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July 13, 2021 (LifeSiteNews) – The Food and Drug Administration (FDA) announced on Monday that it has added a label to Johnson & Johnson’s COVID-19 vaccine that warns of a risk of Guillain-Barré syndrome (GBS), a rare neurological disorder that can cause paralysis. 

The new warning comes in response to 100 preliminary reports of GBS after vaccination with the shot that have been tracked by the Vaccine Adverse Event Reporting System (VAERS), the Epoch Times said. VAERS, a vaccine injury tracking system managed by the FDA and the Centers for Disease Control and Prevention (CDC) is known to underreport cases.

Of the Guillain-Barré reports submitted to VAERS, 95 were serious and required hospitalization, an FDA spokesperson told the Epoch Times. One death has been recorded so far: that of a 57-year-old Delaware man who had had a heart attack and a stroke in the past four years. 

A CDC communications official told Fox News that GBS cases “have largely been reported about two weeks after vaccination and mostly in males, many aged 50 years and older.” Those

vaccinated with the Johnson & Johnson shot are believed to have a three-to-five times greater risk than would typically be observed in the U.S.

The FDA has not yet determined a “causal relationship” between COVID-19 vaccination and Guillain-Barré syndrome, but acknowledged in a statement that “the available evidence suggests an association,” according to Fox News. The Advisory Committee on Immunization Practices (ACIP) of the CDC is slated to review the issue at an upcoming meeting. 

The FDA and CDC continue to push experimental COVID-19 vaccines despite a 98-99% survival rate for coronavirus in the U.S. 

The revised healthcare provider fact sheet for the Johnson & Johnson vaccine now states that adverse events reports “suggest an increased risk of Guillain-Barré syndrome during the 42 days following vaccination.” Marion Gruber, PhD, director of the CDC’s vaccine research and review office, confirmed the updates in a letter dated July 12.

The patient fact sheet also notes that, in most cases, “symptoms began within 42 days following receipt of the Janssen COVID-19 Vaccine” and have included difficulty walking, inability to control bowel function, and tingling throughout the body, among other things.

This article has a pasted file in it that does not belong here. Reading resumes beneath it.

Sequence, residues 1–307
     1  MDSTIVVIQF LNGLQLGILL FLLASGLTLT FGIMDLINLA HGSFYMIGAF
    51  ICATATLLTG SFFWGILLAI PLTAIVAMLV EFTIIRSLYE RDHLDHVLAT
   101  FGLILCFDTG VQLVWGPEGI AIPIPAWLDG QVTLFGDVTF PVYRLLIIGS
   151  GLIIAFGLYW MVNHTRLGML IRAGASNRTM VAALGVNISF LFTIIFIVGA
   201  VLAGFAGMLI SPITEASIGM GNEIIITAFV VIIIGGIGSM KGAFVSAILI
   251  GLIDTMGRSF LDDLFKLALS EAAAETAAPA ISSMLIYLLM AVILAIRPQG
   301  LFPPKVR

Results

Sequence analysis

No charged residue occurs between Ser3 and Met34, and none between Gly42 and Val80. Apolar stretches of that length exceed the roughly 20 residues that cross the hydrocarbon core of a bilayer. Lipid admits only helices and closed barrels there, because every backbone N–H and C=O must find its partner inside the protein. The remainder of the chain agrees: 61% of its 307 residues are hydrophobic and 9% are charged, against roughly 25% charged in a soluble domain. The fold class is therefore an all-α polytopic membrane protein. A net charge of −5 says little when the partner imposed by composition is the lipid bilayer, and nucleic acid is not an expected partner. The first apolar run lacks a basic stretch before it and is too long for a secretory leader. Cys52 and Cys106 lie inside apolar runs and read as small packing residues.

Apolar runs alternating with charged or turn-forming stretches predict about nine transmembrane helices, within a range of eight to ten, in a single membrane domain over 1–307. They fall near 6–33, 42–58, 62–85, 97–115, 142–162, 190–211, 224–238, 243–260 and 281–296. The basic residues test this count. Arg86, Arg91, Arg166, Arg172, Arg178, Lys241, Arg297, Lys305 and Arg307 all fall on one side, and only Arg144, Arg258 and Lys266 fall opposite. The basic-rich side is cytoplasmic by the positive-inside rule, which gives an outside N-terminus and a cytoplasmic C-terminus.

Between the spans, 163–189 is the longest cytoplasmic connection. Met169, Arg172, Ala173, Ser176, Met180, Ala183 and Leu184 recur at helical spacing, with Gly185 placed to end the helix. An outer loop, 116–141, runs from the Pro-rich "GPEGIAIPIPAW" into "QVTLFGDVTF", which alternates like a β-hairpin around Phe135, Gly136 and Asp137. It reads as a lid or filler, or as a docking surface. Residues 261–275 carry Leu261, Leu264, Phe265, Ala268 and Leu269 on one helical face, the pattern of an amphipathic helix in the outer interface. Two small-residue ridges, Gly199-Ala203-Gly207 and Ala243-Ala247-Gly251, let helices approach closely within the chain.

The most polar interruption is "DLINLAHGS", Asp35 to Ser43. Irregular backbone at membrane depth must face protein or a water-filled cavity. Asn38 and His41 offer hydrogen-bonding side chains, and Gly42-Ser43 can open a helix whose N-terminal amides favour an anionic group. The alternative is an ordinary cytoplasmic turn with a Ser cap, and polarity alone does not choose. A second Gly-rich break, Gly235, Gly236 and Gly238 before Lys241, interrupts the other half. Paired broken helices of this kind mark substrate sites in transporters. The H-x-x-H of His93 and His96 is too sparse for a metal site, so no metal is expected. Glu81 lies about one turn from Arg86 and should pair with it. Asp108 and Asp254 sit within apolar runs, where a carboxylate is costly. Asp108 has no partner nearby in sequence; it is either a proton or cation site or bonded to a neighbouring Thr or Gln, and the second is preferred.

“We have been in discussions with the U.S. Food and Drug Administration and other regulators about rare cases of the neurological disorder, Guillain-Barré syndrome, that have been reported following vaccination with the Janssen COVID-19 vaccine,” Johnson & Johnson said in statement on Monday. “The chance of having this occur is very low, and the rate of reported cases exceeds the background rate by a small degree.” 

The FDA’s GBS warning follows a similar announcement last week by the European Medicines Agency (EMA) for AstraZeneca’s COVID-19 vaccine. The EMA said that data “neither confirms nor rules out a possible association” between Guillain-Barré syndrome and the vaccine, and told healthcare providers “to be alert to signs and symptom of GBS.” The AstraZeneca and Johnson & Johnson vaccines both rely on adenovirus vector technology. 

The FDA and CDC had notably halted use of the Johnson & Johnson shot in April due to a link to blood clot disorders. In June, the FDA also added a label warning of heart inflammation to fact sheets for the mRNA vaccines made by Pfizer-BioNTech and Moderna, after the CDC revealed that more than 1,200 cases of post-vaccination heart inflammation have been reported to U.S. authorities. 

According to recent VAERS data, there have been more than 300 reports of Guillain-Barré syndrome potentially linked to Pfizer’s or Moderna’s shot, as of July, though federal agencies

have not introduced GBS labels for the mRNA vaccines, the New York Times said

Guillain-Barré has previously been associated with other vaccines. In March, the FDA said that “an increased risk of GBS was observed during the 42 days” after vaccination with Shingrix, GlaxoSmithKline’s shingles vaccine.